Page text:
Maybe a habit, a thought pattern, a person, has taken possession of us, enslaving our time, our attention, our desire and or ability to fulfill daily duties of work, home, and in society. If you have experience with addiction in yourself or a loved one, you understand how something can seem to take over – to possess – a life. (But we must remember that addiction is a disease, like cancer or any other, and though its manifestations may fall short of God’s desire for us, addiction is not a moral issue and we must take care not to judge, or demonize, the one suffering from addiction.)
Cultural realities can lead to possession – fears surrounding COVID-19, for example. Ideologies can take possession of us, and become our idols, replacing God as our object of worship. Not content with the slow but faithful work of God, we grow impatient and shift our trust to ourselves, another person, an idea or movement – none of which can offer any lasting security, but which can distort our image of God, silencing our true voice.
Though all unclean spirits oppose the Good of God, some spirits are, without question, evil. The Nazi holocaust is a prime example of an evil spirit at work, as is all genocide. Our own history of genocide and the enslavement of black, indigenous and people of color exemplify the power of evil to possess us and lead us to commit atrocities against our fellow humans.
And this possession by unclean, evil spirits persists in us today as our realities of structural racism, white supremacy, modern day slavery and lynching reveal; refusing sanctuary to asylum seekers and refugees, placing them in detention instead, separating families, holding immigrant children in cages, where they will spend most of their childhood, unless we work to exorcise the demons from the thoughts, actions and systems that keep them encaged. Evils such as these lead to becoming blind to the image of God in another, making it easy to deem another less worthy than self, until eventually justice for all becomes justice for The Few.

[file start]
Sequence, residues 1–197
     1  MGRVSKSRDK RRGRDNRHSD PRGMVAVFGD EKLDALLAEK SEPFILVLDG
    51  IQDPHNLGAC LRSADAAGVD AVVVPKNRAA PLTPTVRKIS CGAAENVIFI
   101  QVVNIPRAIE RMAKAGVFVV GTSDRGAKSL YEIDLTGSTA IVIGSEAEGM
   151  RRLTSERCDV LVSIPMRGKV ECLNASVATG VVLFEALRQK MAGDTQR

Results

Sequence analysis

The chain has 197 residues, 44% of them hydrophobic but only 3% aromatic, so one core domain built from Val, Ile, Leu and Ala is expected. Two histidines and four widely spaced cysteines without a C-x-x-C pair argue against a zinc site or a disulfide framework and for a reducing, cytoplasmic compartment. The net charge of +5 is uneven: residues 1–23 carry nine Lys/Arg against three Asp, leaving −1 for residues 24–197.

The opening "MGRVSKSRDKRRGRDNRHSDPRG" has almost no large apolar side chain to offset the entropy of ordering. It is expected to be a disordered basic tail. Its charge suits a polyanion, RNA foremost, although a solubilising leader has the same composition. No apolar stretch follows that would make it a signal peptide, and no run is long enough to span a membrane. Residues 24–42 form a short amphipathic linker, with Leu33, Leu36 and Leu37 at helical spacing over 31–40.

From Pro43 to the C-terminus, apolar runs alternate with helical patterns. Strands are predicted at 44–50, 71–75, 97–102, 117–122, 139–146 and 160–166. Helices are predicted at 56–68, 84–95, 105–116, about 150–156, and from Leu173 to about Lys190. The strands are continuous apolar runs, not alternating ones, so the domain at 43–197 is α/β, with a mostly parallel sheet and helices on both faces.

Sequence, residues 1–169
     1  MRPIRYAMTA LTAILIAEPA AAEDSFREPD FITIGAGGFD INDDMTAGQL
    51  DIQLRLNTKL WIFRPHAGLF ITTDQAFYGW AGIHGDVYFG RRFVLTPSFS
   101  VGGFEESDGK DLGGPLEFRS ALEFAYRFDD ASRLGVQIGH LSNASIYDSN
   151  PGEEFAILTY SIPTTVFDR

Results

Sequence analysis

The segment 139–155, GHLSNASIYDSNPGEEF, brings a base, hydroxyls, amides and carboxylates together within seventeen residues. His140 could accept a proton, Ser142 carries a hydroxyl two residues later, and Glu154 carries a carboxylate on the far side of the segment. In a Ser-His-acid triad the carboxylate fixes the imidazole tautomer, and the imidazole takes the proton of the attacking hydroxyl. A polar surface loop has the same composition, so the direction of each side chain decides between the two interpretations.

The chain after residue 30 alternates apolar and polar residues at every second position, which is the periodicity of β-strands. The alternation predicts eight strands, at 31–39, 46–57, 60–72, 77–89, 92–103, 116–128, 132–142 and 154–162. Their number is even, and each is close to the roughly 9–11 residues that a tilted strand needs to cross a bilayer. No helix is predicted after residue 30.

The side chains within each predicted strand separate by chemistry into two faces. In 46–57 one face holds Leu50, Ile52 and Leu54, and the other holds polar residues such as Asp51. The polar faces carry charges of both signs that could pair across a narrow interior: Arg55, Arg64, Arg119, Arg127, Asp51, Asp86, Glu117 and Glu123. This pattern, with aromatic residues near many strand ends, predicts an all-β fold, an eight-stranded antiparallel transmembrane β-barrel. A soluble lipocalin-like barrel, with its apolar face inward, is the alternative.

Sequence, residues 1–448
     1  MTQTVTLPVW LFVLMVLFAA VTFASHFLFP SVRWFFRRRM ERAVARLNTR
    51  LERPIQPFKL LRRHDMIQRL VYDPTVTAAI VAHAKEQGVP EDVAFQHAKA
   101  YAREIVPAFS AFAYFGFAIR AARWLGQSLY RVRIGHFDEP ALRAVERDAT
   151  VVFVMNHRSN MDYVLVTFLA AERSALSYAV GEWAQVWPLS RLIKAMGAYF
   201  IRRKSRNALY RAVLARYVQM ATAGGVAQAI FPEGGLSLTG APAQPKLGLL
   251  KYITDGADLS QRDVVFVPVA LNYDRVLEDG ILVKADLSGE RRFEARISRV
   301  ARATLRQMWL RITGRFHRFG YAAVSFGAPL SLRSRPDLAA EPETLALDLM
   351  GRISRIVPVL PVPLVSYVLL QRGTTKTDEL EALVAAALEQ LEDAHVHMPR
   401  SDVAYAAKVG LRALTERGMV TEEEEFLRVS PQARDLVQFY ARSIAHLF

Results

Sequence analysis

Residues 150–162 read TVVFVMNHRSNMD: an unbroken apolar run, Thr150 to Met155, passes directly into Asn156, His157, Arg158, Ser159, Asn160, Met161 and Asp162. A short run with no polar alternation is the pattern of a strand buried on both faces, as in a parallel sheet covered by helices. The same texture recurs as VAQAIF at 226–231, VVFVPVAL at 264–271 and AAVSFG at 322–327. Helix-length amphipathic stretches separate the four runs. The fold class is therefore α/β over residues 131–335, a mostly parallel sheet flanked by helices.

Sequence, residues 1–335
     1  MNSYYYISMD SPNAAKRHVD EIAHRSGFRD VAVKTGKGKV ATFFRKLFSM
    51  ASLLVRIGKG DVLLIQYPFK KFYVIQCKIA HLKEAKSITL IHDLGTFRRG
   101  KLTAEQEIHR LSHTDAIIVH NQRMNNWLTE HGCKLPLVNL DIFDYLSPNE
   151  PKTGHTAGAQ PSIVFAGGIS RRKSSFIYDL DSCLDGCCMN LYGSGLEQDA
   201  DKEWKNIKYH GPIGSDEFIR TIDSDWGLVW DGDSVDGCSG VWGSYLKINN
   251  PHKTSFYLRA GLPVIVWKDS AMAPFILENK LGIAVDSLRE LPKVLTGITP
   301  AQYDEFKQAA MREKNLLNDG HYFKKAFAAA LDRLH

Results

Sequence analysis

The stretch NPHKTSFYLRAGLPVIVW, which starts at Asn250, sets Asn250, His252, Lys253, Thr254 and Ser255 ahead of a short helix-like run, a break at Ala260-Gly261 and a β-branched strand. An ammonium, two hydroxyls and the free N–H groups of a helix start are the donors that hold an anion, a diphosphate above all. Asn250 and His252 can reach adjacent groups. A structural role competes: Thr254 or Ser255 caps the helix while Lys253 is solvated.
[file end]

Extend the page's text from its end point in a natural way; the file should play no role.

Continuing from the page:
We saw signs of this a few weeks ago during the insurrection at our nation’s capital – people possessed by the unclean spirit of white supremacy, armed with guns, hate, and bigotry stormed the capitol building with little to no resistance.
The unclean spirit cries out, “What have you to do with us, Jesus of Nazareth?” Episcopal priest Michael Marsh imagines a response from Jesus:
“What have I to do with you? Everything!” As the story and Jesus’ actions reveal, this is Jesus’ response: “Everything. I have everything to do with you…” words that can bring this man back to himself again,” and restore the Divine Image in which he was created, that has been distorted by possession (interruptingsilence.com).
Not with weapons or violence, but with the power of compassion and love, Jesus commands the unclean spirit to be silent, to come out. Trying to resist, the unclean spirit convulses the man; knowing its hold on this man is coming to an end, the unclean spirit cries out, gasping for life. But the demon is defeated and is gone.
The scribes and the congregation are amazed as they witness the formerly possessed man come back to his true self and get his true voice back. The man will go on to help spread the news of his liberation throughout the region – that a holy one of God has come, the very Kingdom of God has come near to them, and that this is very good news.
I confess to a recent experience with what I would call an unclean spirit that often takes possession of me. I call it scarcity thinking – a fear of not having enough or of not getting what I need or think I need to feel secure or to survive. Here’s the story.